Mullenix does not represent a major shift in the law. However, it does provide a strong reminder to the bench, bar and public officials that qualified immunity should be granted unless case law indisputably establishes that an official’s actions are illegal.


For questions or more information on “U.S. Supreme Court rules ‘Qualified Immunity’ in Mullinex v. Luna,” contact:

James A. Climer  – MRR Cleveland
Phone: 440.287.8290
Email: jclimer@mrrlaw.com

 

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MRR News Alert – U.S. Supreme Court: Traffic Stops Cannot Be Overly Prolonged Or Go Beyond Their Mission

The U.S. Supreme Court held that absent reasonable suspicion, the extension of a police traffic stop to conduct a dog-sniff violates the constitutional prohibition against unreasonable seizures. Reversing the Eighth Circuit Court of Appeals, the Supreme Court held that a traffic stop becomes unlawful when it is prolonged beyond the time reasonably required to complete the mission of issuing a ticket.

In Rodriguez v. The United States, No. 13-9972, a canine officer stopped a motorist (Rodriguez) for driving on a highway shoulder in violation of Nebraska state law. After the officer completed everything related to the stop, the officer requested the motorist’s permission to walk his K-9 around the vehicle. The motorist refused and the officer detained him for seven or eight additional minutes while his dog searched for drugs. The dog found drugs. After being indicted on federal drug charges, the motorist moved to suppress the drugs seized from the vehicle because the officer had prolonged the traffic stop without reasonable suspicion. The Eighth Circuit Court of Appeals found that prolonging the stop for the dog sniff was only a de minimus (or minimal) intrusion into the motorist’s Fourth Amendment rights and was therefore permissible.

In a 6-3 decision, the Supreme Court reversed, finding that the extension of the traffic stop violated the Constitution because it was unreasonable. The Court explained that the authority for the seizure ended when the tasks tied to the traffic infraction are, or reasonably should have been, completed. If the roadside detention extends beyond the time reasonably required to complete the mission of issuing the ticket, the traffic stop becomes unlawful. The Court found that the mission of issuing a traffic ticket included checking the driver’s license, investigating the existence of outstanding warrants, and reviewing the motorist’s proof of insurance and registration documents. These checks go to the same objective as enforcing the traffic code: ensuring that vehicles on the road are operated responsibly and safely. The Court explained that a dog-sniff is not fairly characterized as part of the officer’s traffic mission. The Court found that on-scene investigation into other crimes is a departure from the officer’s traffic control mission.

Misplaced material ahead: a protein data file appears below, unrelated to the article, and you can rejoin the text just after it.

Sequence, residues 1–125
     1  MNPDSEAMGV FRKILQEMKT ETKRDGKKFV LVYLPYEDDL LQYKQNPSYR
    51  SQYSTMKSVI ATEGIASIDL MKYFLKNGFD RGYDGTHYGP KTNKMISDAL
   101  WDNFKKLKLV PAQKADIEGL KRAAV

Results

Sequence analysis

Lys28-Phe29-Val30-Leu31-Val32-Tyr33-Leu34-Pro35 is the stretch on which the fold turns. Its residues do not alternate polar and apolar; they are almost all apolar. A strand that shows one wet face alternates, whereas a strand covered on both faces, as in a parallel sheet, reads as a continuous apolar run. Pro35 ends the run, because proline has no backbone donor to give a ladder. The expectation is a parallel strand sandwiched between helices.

Ultimately, the issue of whether the motorist’s detention will be found lawful was not completely resolved either. The Supreme Court found that the Eighth District did not review whether the district court properly determined the dog-sniff was not independently supported by individualized suspicion. The Court found that that question remains open for consideration of further action.

The Supreme Court made clear that traffic stops have to be reasonably short unless there is an independent, reasonable suspicion of another crime that allows further investigation and prolonging the traffic stop. Officers simply cannot prolong a traffic stop just to perform a dog-sniff drug search without otherwise having independent reasonable suspicion.

For more information on this subject matter or other appellate topics, please contact John T. McLandrich and Frank H. Scialdone.